|Tuesday, 22 September 2009 16:25|
Wushu Training and Cardio/Aerobic Benefits
This is by no means a formal scientific report. It’s more like a personal blog, to give people (Monash Wushu members) an idea of the cardio benefits of wushu training. Keep in mind every body is different and there are many factors that will affect heart rate and how many calories burnt e.g. sex, body type, training intensity, etc
As a short summary, in a 1.5 - 2hr training session, an average of 800-900 calories will be burnt. Females might burn around 600-700 calories. Read on to see how/why.
My heart rate at rest is around 65 - 70 bpm. Maximum heart rate is around 193bpm.
Training might vary slightly, but a typical session will consist of:
Warm up (5-10 mins): 100 – 110 bpm
running 5-8 laps of the basketball hall or 1 lap of stance drills or something similar.
Stretching (10-15 mins): 90 – 100 bpm
hamstring, quads, side torso, hip flexor, glutes, crouch stance, splits (front & side), arms
Basic Kicks (20 – 25 mins): 155 – 165 bpm
16-20 kicks each of: front, cross, side, outside, inside, snap, snap punch, heel palm, backsweep, frontsweep, front slap
Jump Kicks (15 – 20 mins): 160 – 180 bpm
8-10 kicks each of: warm up jump, front jump, tornado, lotus, cartwheel, butterfly turn, butterfly kick
Forms (average 5 mins): 170-196 bpm
Longfist, spear or straight sword done in either 2 sections, or as a whole form (1min 25sec).
Calories Burnt (continuously updated):
Session 1: 115mins - 902 calories
Session 2: 102mins - 889 calories
Session 3: 115mins - 865 calories
As I’ve mentioned before and you can see in the results, a typical two hour training session will burn roughly 800-900 calories, as measured on the heart rate monitor, which is massive. Women might burn around 600-700 calories (still measuring).
During a regular cardio session, I might run for 20 minutes and burn 230 calories. Which is good, but to burn 900 calories, I would have to run for something like 1 hour 20 mins. What normal person would run for that long?! I’d rather do wushu, which is more interesting. Plus it also works on your flexibility, strength and coordination. And I learn new skills!
As for the intensity of wushu as a whole, I would say it would equate to something between a light jog and running. This is actually very good for weight loss and cardio because doing a row of kicks and coming back waiting for the line to move up would be similar to the interval training method, where you sprint for 8 seconds followed by light jog/cycle for 12 seconds. So basic kicks, jump kicks and forms improves aerobic and anaerobic capacity and endurance.
In terms of maximum heart rate, the monitor measured 196bpm-ish. If this is correct then I’d be using slightly more than 100% of my maximum heart rate, measured by the most common method (probably also the most inaccurate, but nevertheless):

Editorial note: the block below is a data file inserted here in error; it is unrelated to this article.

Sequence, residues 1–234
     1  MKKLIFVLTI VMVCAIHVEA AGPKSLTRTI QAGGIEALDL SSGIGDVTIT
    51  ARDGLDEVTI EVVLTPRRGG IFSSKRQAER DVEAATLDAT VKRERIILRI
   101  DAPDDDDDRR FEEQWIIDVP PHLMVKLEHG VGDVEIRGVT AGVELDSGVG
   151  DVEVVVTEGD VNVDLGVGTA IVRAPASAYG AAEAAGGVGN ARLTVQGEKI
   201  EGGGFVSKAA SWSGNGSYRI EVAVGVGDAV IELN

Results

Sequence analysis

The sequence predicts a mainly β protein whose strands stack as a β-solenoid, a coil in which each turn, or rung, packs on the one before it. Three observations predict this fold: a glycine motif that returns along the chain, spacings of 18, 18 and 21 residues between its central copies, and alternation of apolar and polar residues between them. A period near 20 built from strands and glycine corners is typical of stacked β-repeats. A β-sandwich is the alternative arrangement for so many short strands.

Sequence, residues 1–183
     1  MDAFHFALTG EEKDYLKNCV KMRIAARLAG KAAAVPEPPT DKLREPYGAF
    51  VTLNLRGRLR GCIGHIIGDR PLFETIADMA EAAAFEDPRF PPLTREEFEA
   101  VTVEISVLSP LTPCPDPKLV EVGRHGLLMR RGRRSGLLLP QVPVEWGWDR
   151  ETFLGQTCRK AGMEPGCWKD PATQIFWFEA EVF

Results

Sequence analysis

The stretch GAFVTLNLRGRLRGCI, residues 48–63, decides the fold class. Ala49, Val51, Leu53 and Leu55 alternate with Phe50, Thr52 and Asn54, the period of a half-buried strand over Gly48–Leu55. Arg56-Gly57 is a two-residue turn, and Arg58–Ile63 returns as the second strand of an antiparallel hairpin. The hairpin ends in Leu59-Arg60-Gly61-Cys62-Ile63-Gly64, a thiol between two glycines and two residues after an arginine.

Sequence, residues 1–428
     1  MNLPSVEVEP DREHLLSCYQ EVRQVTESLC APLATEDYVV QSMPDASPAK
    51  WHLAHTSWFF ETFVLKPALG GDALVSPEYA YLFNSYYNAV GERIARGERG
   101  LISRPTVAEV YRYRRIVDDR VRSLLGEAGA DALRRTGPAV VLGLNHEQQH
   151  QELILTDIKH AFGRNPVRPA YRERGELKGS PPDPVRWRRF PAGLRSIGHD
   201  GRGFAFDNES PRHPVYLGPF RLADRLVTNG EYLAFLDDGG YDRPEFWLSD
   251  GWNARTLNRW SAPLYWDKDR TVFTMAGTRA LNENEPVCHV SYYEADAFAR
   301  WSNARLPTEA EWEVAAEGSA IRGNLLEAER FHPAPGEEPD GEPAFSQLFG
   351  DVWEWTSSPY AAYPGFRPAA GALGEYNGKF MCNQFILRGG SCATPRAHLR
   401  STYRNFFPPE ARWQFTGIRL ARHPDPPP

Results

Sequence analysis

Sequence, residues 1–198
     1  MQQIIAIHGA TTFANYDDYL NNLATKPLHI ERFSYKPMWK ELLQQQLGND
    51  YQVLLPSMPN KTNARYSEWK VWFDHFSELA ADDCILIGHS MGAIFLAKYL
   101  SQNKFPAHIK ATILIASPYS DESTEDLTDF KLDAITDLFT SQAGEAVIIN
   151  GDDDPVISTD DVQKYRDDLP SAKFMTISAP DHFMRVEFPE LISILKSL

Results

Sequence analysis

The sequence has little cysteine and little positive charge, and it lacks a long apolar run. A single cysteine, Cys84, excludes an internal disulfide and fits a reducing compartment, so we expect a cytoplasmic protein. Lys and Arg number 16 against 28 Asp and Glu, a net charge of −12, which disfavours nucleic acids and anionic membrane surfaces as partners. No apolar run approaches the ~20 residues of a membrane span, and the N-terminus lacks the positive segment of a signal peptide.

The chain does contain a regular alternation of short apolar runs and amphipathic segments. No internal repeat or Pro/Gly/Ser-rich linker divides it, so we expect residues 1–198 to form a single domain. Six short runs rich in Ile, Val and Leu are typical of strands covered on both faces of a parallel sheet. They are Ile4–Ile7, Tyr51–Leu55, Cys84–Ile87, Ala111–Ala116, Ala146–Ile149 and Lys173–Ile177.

HRmax = 220 – age (27)
HRmax = 193 bpm
Again, this is only meant to give me an idea. So I should’ve killed myself by now doing forms that pump up my heart rate to 196bpm, however this is only sustained for about 20 seconds of the form (1min 25sec). Maybe that’s why I was keeling over gasping for air after a whole form. Or I could just be unfit. Problem here is that for cardio training, the heart should be pumping around 60-70%, but forms do improve anaerobic capacity.
So there you have it. Wushu training is awesome as aerobic and anaerobic exercise. Forget about the latest Les Mills aerobic program (see below) and just do wushu. Although if you do decide to do Body Combat, we’ll probably be standing outside laughing.
"No - Toes pointing forward. Fingers together, thumb tucked in. Palm higher above your head. Right hand is a fist."
I’ll soon be doing this test with a few other people in the club – a female and possibly an intermediate level male.
One of the main problems for our training is that we only train twice per week, which is still good but if you wanted to use wushu as your only source of exercise for cardio, you'd need to train at least 3 times a week.
Another problem I see is that, it's very much individual training. So you'd get out as much as you put in. There's no point if you're gonna do 3 kicks up and down, sit around and talk for 10 mins, and do half-arsed forms.
These are papers that I’ve found online, which have used proper methods in similar research:
“Heart Rate and Blood Lactate Reponses to Changquan and Daoshu Forms of Modern Wushu”
“Analysis of Pysical Activities in Wu-Shu Training”